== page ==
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Mount Gingera Trail Pics (Aug 2012)

By mcleodwealth 8 September 2012 24

I went up the Mount Gingera trail a few weeks ago, thought I’d post up a few pics..  Was a bit dangerous though as I kept losing the track under the snow (and I was on my own), so I’m happy to mark it out a bit better during the spring.  Any suggestions?  A few posts?  String ties?  I’d like to leave something fairly durable for others during the winter.

Beautiful hike although I could not stay up top long due to the cold but the view was just stunning.  Can’t wait to get up in spring, and for next winter to come around again.  I’m not a big fan of stinking hot hikes!

For the geeks I’ve included a shot of my tablet barometer (Motorola Xoom) that recorded the air pressure drop as I walked up.  I think I hit the snow around 885mb, if that means anything to anyone, or around 1550 metres.

http://img204.imageshack.us/slideshow/webplayer.php?id=20120812071509.jpg

On another note, has anyone ever seen a corroboree frog in the wild?

What is the Brindabella’s like in the spring?

What’s Your opinion?


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24 Responses to
Mount Gingera Trail Pics (Aug 2012)
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IIIIIIIIIIIIIIIIIIII 12:17 pm 13 Sep 12

Jivrashia said :

IIIIIIIIIIIIIIIIIIII said :

it might be best to reconsider walking 10km (one way) and 1100vm into an alpine area alone while relying on the emergency services for rescue

U mad?

I don’t think you understand – re·con·sid·er/Verb: Consider (something) again, esp. for a possible change of decision regarding it.

eg. reassess a decision to walk to Mt Gingerra alone if you’re genuinely concerned about spraining your ankle in the absence of a clearly marked track.

Jivrashia 11:36 am 13 Sep 12

IIIIIIIIIIIIIIIIIIII said :

it might be best to reconsider walking 10km (one way) and 1100vm into an alpine area alone while relying on the emergency services for rescue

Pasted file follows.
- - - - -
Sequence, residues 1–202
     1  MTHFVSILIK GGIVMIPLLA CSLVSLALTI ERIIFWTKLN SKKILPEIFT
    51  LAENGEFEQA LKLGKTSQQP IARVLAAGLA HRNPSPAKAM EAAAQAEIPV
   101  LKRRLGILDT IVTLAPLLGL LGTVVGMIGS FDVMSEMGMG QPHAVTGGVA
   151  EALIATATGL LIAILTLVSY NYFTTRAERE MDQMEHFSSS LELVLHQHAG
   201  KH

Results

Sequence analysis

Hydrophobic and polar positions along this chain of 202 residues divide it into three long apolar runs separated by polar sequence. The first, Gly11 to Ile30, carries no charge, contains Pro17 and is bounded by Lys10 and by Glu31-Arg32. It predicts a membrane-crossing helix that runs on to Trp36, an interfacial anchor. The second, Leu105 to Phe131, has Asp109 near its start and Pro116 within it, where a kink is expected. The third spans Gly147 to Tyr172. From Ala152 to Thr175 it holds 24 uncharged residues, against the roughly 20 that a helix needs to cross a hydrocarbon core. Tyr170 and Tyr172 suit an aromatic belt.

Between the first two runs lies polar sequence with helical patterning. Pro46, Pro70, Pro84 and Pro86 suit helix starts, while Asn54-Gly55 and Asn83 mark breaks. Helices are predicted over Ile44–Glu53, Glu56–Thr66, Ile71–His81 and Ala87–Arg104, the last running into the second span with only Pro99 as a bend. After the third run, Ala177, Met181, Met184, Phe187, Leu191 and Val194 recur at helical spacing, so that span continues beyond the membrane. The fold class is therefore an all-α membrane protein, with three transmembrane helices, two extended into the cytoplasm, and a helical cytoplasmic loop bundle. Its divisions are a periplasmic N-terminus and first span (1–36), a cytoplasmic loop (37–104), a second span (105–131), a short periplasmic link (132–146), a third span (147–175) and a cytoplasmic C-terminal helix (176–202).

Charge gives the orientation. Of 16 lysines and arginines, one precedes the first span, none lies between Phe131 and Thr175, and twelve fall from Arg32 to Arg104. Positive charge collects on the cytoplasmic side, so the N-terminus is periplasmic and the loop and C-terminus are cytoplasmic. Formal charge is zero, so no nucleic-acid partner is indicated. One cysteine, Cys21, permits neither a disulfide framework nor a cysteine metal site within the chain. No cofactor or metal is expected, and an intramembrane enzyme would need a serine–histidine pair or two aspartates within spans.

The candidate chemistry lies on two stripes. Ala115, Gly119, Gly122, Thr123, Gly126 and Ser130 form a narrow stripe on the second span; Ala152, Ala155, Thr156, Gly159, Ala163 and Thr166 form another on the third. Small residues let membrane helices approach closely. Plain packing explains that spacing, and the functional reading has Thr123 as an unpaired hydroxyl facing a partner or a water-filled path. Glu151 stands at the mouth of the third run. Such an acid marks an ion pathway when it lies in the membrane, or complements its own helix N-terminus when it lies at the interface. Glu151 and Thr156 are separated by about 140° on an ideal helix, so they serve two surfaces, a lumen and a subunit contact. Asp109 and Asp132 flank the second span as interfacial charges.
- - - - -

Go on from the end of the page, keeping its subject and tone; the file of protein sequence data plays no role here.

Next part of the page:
U mad?

IIIIIIIIIIIIIIIIIIII 10:16 am 13 Sep 12

“To each his own, but I had serious trouble. The snow hides bushes and sometimes it’s not obvious you’re standing on very uneven ground, with the potential to sprain your ankle.”

“it would be easy for someone to slip and sprain their ankle or something. I did lose the trail a few times but the GPS got me back”

If you’re concerned about slipping and spraining your ankle you can take precautions like training and strengthening your ankle muscles, wearing footwear with grip and (most importantly) placing your feet sensibly. If this is a genuine concern then forgive my bluntness but it might be best to reconsider walking 10km (one way) and 1100vm into an alpine area alone while relying on the emergency services for rescue if an accident occurs, or the weather changes or your andriod tablet crashes/gets wet/runs out of batteries. It’s a wilderness area in a national park at an elevation only 373m lower than Mt Kosciuszko – 1855m above sea level. Keep in mind that the track to Gingerra itself is uneven, rutted and rocky – maybe rather than modifying the environment to be suited to your skills and fitness you could consider gaining skills and experience – modifying yourself – to be comfortable in the wilderness.

mcleodwealth 9:45 pm 12 Sep 12

OK it was just a suggestion for others as I relied heavily on a hand held GPS with the downloaded trail to reach the top, and it would be easy for someone to slip and sprain their ankle or something. I did lose the trail a few times but the GPS got me back (I use the ViewRanger app on an Android tablet with downloaded OSM maps). But of course I don’t want to ‘deface’ anything. That being said the trail is already ‘defaced’ to an extent with logs and other trail developments. I don’t see how it would hurt to bang in a few more wooden stakes. But of course I would never do anything without checking with the parks authority first.

In the meantime I have completed the Stockyard Spur to Gingera trail on Open Street Map so that’s a non-intrusive way to help out. I will continue adding to OSM as I come across more trails needing to be mapped, like Mount Gudgenby.

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